Ensuring multi-stakeholder partnership for the SDGs: Institutional arrangements from the perspective of multi-level governance
Eunju Kim (Korea Institute of Public Administration)
The unique characteristics of the Sustainable Development Goals (SDGs) are clearly distinguishable from the Millennium Development Goals (MDGs). First, it emphasizes ‘universality’ through its imperative, ‘No one left behind’. This applies not only to developing countries, but also to developed countries. It also extensively incorporates economic, social and environmental agendas into 17 goals and 169 targets. Moreover, it requires nation states to set-up multi-stakeholder partnerships as one of the most important means of implementation to achieve ambitious goals. However, this intrinsic nature can lead to fundamental difficulties when it comes to implementation at the national level. There exists an international consensus to set ambiguous goals in order to attract participation from various stakeholders. The SDGs are no exception to this tendency. In a nutshell, ambiguous goals and complex stakeholders make it more difficult to enforce implementation.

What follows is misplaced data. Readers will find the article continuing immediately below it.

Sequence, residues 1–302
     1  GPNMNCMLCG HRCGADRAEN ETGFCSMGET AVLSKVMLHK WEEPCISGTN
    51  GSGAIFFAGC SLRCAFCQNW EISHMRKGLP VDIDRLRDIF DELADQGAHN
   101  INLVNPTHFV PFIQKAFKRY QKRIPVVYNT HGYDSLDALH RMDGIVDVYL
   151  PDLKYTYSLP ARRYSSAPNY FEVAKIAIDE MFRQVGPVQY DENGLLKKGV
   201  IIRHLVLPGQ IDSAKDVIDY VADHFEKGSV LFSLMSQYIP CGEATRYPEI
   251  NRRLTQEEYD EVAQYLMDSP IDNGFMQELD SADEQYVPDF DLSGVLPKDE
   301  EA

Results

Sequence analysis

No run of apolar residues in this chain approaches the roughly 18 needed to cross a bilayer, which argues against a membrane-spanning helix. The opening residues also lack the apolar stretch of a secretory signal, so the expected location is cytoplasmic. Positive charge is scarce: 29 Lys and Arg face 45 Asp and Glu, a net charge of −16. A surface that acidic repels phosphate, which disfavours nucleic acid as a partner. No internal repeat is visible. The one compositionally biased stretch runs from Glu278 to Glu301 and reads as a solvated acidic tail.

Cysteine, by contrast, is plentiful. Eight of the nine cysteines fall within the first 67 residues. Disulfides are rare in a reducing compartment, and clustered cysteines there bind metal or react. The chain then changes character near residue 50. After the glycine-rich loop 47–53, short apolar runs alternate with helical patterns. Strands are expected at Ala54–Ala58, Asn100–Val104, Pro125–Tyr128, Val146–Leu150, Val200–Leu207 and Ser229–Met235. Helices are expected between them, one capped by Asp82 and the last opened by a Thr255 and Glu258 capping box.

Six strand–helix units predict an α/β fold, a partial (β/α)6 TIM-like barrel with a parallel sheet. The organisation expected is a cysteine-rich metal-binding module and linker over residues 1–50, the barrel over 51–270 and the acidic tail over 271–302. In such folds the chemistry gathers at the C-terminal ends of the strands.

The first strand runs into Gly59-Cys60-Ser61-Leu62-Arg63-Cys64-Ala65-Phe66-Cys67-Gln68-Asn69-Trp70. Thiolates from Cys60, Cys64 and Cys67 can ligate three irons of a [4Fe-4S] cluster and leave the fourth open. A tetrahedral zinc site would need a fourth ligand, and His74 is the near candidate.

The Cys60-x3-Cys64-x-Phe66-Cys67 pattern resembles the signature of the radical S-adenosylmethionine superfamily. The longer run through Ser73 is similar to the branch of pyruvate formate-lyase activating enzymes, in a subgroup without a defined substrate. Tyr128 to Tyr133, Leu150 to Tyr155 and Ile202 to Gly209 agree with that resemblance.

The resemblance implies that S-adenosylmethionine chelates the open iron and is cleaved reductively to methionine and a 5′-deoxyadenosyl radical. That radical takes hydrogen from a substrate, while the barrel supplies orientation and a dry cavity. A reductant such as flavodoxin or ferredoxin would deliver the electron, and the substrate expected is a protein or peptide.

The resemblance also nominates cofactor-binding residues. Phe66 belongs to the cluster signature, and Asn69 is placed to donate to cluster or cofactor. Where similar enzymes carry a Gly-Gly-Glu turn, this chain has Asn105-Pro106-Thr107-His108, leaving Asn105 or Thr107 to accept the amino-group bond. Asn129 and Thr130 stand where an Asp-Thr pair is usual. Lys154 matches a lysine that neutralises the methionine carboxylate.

In this light, this paper discusses the need of horizontal and vertical coordination for implementation of the SDGs based on literatures of multi-level governance. It will then examine how institutional arrangements can be established in order to engage and coordinate various stakeholders. This paper will suggest policy implications to set-up institutional mechanisms in the Korean context, and introduce recent efforts by policy actors in Korea .The main aim of these discussions is to help policy makers in developing countries implement the SDGs and minimize administrative transaction costs; to engage diverse stakeholders; and to enable policy coordination among multiple stakeholders.
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THEME C: Networks and Partnerships
Expanding and Strengthening Collaboration in Achieving Sustainable Development Goals